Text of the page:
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Screen Time
Nearby drive-in theaters offer an old-time experience that’s about much more than just the movie

by Sharon A. Shaw

America’s first drive-in movie theater opened in 1933, right across the river in Camden, N.J. Today only one remains in the state. Pennsylvania movie goers have fared somewhat better, as the Keystone State boasts more drive-in theaters and screens than any other, according to the United Drive-In Theater Owners Association. Though there remain fewer than 400 of these venues nationwide, the Philadelphia area is fortunate to have three drive-ins close enough to visit on a summer evening.

Attending a drive-in theater is much more of an event—an anachronistic experience, even—than catching a flick at a local cinema. For less than the cost of an average movie ticket, a drive-in provides an opportunity to enjoy a double feature from the comfort and privacy of one’s own space, with whatever amenities they bring. While two-seaters still fill the lots, many families opt to back their hatchback or SUV into the space and enjoy the movie from the comfort of blankets and pillows. (Some drive-ins have designated parking areas for large vehicles and ask that rear lift gates be secured at roof level so those parked behind can still enjoy the show.) Other patrons arrive early, with lawn chairs, coolers and games in tow, so that they can enjoy a picnic and family fun before showtime.

By visiting one of these local theaters this summer, families can take a trip back in time or create a new tradition—while helping to preserve an American icon that has largely disappeared from the landscape.

Shankweiler’s Drive-In Theater
4540 Shankweiler Road, Orefield (60 miles northwest of Center City)
610-481-0800 | shankweilers.com

Just northwest of Allentown, off Route 309 and easily accessible from 476, Shankweiler’s is the nation’s oldest drive-in movie theater, having been in continuous operation since 1934. The original film projector and car speakers have been replaced with digital projection and sound available through a car or portable radio. The family-run theater has one screen on which it shows a double feature of the latest releases seven nights a week through Labor Day and on September weekends, weather permitting. The concession stand offers all the treats found in a megaplex, including popcorn (with real butter!), candy and ice cream, as promoted in the vintage pre-film vignette.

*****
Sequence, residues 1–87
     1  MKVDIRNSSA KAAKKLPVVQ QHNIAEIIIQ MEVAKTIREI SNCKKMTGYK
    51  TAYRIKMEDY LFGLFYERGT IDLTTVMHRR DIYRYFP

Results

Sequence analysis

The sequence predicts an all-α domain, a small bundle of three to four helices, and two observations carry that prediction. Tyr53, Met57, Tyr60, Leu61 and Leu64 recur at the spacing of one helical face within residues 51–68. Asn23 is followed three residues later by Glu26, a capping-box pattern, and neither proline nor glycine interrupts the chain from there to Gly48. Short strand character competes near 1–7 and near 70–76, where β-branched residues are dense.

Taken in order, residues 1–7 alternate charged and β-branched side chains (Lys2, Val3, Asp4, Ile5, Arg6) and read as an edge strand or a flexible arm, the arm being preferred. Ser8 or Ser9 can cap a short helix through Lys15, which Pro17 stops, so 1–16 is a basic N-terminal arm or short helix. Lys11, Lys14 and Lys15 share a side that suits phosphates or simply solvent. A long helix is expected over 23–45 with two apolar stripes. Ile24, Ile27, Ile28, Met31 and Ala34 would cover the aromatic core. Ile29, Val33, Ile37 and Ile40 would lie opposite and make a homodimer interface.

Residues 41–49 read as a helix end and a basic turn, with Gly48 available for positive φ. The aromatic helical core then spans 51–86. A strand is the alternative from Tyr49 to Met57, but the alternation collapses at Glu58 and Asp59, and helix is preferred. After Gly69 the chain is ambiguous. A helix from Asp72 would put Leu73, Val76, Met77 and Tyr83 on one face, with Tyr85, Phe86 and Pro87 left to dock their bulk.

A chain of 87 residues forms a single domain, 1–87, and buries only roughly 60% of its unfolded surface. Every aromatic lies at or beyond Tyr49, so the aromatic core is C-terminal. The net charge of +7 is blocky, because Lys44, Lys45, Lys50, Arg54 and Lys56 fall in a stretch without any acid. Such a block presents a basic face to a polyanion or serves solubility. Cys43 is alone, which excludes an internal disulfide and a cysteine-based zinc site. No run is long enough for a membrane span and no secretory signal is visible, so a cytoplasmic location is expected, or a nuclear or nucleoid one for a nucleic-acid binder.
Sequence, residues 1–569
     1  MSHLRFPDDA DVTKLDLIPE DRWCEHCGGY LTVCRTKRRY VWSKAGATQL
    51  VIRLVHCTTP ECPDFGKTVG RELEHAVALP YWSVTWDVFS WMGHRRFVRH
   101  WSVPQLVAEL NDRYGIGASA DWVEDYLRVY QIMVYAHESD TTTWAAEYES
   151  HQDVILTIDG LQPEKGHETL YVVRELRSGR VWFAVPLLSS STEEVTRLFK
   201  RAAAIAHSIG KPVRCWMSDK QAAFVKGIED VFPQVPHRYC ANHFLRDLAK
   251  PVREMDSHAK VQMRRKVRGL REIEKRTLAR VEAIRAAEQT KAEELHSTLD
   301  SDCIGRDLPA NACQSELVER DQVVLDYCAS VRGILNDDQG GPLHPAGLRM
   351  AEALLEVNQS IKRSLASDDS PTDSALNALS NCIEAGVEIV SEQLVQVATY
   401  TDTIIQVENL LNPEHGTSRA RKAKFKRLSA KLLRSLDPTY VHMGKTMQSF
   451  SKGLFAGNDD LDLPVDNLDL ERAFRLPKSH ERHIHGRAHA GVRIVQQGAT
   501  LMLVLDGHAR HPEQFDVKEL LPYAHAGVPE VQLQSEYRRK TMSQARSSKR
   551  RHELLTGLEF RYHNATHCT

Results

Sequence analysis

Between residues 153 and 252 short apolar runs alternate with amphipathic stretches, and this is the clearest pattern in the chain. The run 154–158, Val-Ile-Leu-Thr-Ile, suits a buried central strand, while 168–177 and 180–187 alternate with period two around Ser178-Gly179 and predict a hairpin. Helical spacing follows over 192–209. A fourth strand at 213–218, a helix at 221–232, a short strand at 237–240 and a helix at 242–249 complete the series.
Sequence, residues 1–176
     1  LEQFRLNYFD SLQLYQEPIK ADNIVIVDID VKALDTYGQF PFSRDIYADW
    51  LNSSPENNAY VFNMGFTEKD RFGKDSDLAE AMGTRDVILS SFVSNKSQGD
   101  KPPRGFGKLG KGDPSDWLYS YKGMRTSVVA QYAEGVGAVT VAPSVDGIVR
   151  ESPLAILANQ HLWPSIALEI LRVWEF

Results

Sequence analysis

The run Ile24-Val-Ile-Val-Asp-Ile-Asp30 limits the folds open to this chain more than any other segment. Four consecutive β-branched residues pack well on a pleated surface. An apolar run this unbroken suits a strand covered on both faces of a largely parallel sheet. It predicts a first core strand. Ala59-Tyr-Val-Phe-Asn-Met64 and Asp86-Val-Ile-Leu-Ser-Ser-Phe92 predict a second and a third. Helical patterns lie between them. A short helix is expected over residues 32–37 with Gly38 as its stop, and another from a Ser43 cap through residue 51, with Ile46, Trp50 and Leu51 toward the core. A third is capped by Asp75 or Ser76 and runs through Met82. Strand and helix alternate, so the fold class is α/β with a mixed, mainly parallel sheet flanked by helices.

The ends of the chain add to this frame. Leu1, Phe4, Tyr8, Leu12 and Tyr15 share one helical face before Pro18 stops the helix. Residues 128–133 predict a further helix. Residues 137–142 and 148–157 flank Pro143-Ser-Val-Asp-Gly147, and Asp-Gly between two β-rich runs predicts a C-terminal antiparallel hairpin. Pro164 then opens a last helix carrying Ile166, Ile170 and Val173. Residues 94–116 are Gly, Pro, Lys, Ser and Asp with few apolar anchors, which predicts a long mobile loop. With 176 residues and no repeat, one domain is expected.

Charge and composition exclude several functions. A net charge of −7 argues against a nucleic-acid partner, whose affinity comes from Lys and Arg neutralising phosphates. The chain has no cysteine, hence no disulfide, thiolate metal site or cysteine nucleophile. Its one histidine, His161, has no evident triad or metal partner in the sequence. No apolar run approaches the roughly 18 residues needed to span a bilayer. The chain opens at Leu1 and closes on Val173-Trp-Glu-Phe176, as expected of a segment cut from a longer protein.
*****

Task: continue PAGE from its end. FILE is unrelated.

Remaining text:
Becky's Drive-In Theater
4548 Lehigh Drive, Berlinsville/Walnutport (70 miles northwest of Center City)
610-767-2249 | beckysdi.com

Fifteen miles north of Bethlehem is Becky’s Drive-In. Opened since 1946, it offers two screens, each showing a nightly double feature, capable of accommodating as many as 700 cars. Guests can visit its website and vote for the movies they are most interested in seeing in the coming month. Becky’s also offers pre-show activities, including pony rides for the kids before its Friday and Saturday PG/PG-13 shows, and hosts several special events throughout the year. Its concession stand boasts all of the summer favorites including Slush Puppies, caramel corn and funnel cake along with souvenir Frisbees, footballs and balsa airplanes to amuse the kids.

Delsea Drive-In
2203 S. Delsea Drive, Vineland, N.J. (40 miles south of Center City)
856-696-0011 | delseadrive-in.com

Delsea Drive-In offers two screens on which it shows double features of first-run movies Wednesday through Sunday evenings but classics of a different genre each Tuesday night. First opened in 1949, after a nearly 20-year hiatus, the theater reopened in 2004 and now prides itself on offering the nostalgia of a drive-in with modern technology and a concession menu that carries healthy options including salads, wraps and veggie burgers. Those wishing to pack a picnic should be aware there is an “outside food and beverage” permit fee but it does rent chairs and radios to the less prepared. Delsea has the longest season of any local drive-in, running movies every weekend until mid-December.

 

Suburban Life Magazine